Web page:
Happy Endings for Rat Babies

Posted in Adoptions at 10:07 am by Jenn

As mentioned earlier in the blog, ACR&S had an influx of baby rats due to an emergency intake from another rescue.  These little ones have been very lucky to find forever homes with some of our most amazing adopters.

The first three ratties (named Cherry Bomb, Oreo, and Coffee by their new family) went home to Mike and family just as soon as they weaned.  They had a brand new Martin’s cage to come home to and a little miniature human to call their own!

Snoozing Rats

Our next pair, Bustopher and Casper (formerly Munkustrap), went home to our repeat rattie adopter, Frone.  Frone has given many of our beloved ratties a wonderful forever home, and these boys went in to live with Zapp and Kif (adopted last year).

Finally, a trio of ladies went to live with another repeat adopter, Melissa, who has given many of our past rats a wonderful forever home.  She chose Cheyenne, Dakota, and Wyoming to join her mischief!

Thank you to our wonderful rat adopters for continuing to give our little ones amazing forever homes!


A happy ending for Charle and Faunt

Posted in Adoptions at 9:17 am by Jenn

Charlemagne and FauntleroyCharlemagne and Fauntleroy had a rough beginning.  They were picked up by ACR&S shortly after being neutered by an inexperienced vet.  Both were in rough shape (going into stasis and in a lot of pain), but after several terse hours of nursing, they began to recover normally and we thought they were out of the woods.

Unfortunately, they weren’t.  The next day saw their surgical sites hugely inflamed, and we were terrified that they’d herniated.  The news was better, but still odd:  Fauntleroy still had one testicle, and Charlemagne still had part of one.  Nearly a month after their initial neuter, we’d finally got both bunnies healthy and well, and they were on the lookout for a new home.

Enter Jill, their new mom.  She saw the boys on Petfinder, and was intrigued.  As a new rabbit owner, she liked that the boys were young, healthy, and had pretty good litterbox manners.   After a few weeks spent organizing caging, finding a vet, and doing a ton of reading at Rabbit.org, the boys got to come to their new home.

They arrived to a huge box of hay (which her cats also enjoyed — mostly the box), a brand new cage, a playpen, and lots of love.  They figured the ramp out pretty quickly, and then managed to break out of their cage almost immediately, but now they are safely contained and having the time of their life!

Thank you Jill for adopting these sweet bunnies and giving them a second chance!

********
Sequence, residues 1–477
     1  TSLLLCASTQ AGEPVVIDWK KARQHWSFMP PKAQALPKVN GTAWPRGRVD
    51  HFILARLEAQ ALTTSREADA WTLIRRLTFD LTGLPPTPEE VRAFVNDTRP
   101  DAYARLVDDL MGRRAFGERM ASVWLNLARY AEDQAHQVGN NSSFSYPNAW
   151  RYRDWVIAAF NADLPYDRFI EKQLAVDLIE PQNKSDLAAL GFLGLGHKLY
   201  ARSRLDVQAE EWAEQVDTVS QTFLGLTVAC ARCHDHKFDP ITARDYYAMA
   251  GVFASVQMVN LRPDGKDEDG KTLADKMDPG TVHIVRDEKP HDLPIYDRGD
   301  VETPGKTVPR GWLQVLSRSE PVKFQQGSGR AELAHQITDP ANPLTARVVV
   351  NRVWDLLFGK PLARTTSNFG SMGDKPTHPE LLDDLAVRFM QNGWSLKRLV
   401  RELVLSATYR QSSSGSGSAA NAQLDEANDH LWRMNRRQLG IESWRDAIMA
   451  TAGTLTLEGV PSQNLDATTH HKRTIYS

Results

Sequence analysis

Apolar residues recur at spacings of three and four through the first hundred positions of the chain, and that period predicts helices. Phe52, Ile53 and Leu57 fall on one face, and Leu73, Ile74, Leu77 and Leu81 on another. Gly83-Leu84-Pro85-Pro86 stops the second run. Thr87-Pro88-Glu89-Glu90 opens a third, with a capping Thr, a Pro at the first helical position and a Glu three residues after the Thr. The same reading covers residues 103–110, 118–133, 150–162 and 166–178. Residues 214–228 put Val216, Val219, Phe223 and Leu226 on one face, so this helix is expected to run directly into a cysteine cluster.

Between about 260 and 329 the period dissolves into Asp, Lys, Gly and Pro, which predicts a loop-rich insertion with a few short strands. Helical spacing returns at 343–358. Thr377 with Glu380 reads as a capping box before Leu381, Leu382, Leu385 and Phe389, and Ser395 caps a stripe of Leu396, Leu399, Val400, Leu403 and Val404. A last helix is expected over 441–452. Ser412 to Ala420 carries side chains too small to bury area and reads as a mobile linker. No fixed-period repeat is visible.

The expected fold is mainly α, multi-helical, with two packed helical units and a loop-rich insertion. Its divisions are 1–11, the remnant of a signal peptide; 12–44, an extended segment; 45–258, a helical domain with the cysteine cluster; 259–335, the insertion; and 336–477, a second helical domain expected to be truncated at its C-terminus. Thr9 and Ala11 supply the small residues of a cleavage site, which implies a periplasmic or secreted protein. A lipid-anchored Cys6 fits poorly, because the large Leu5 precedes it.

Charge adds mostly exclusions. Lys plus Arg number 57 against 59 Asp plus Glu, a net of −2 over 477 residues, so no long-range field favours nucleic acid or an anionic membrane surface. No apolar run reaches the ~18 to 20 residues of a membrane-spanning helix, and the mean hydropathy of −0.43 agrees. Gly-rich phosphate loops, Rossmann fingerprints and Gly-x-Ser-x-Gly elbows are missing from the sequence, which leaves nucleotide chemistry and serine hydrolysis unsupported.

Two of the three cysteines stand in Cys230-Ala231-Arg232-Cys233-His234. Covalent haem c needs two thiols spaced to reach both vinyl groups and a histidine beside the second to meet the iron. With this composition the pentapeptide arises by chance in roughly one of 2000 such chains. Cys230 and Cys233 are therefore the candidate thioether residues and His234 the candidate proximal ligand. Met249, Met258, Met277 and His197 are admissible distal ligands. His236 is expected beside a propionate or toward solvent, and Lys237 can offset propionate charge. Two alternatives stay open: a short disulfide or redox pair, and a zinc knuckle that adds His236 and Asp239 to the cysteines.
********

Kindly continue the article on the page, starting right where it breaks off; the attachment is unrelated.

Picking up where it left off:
A happy ending for Gloria

Posted in Adoptions, Uncategorized at 7:00 am by Jenn

Gloria (sister to Ivy and Noelle, who went home ear


ly this year), remained at our rescue, awaiting her forever home.  Alison, mom to Amelia and Sophie, contacted us soon afterwards.  Sophie had gone over to the rainbow bridge (a dignified and well loved old lady at over five years of age), and Amelia needed a new friend.

When she saw Gloria’s picture, she knew that was the pig for her!  Introductions went well (although Gloria immediately developed runny poo and had a brief course of antibiotics to clear it up).  Amelia then had to undergo an emergency spay for a uterine cyst, but last week they were finally able to be put together, and now the two girls are roomates!

Thank you to Alison for giving two of our pigs now a wonderful home!


Goodbye, Douglas

Posted in Memorials at 9:25 am by ACR&S

We lost Douglas last night. He came to us in September of 2008 after having been abandoned in an aquarium at a children’s camp – you can read the full story here. He came in with a giant tumor, and unfortunately our vet felt that it was of a type of tumor highly likely to return. Apparently these tumors pop up pretty quickly – Douglas received a clean bill of health from an excellent vet just a couple weeks ago, but last night I noticed he was drooling and found he had a large, hard lump under his chin. Aspiration revealed it was a large tumor that had started to necrotize in the center. The vet felt that removal of a tumor in this location and in this condition would be very difficult, potentially resulting in serious damage to his lower jaw, so we opted to euthanize rather than put him through that.

Douglas was a beautiful, friendly pig who has been a joy to all his cagemates as well as to every human who has known him. Goodbye, little guy.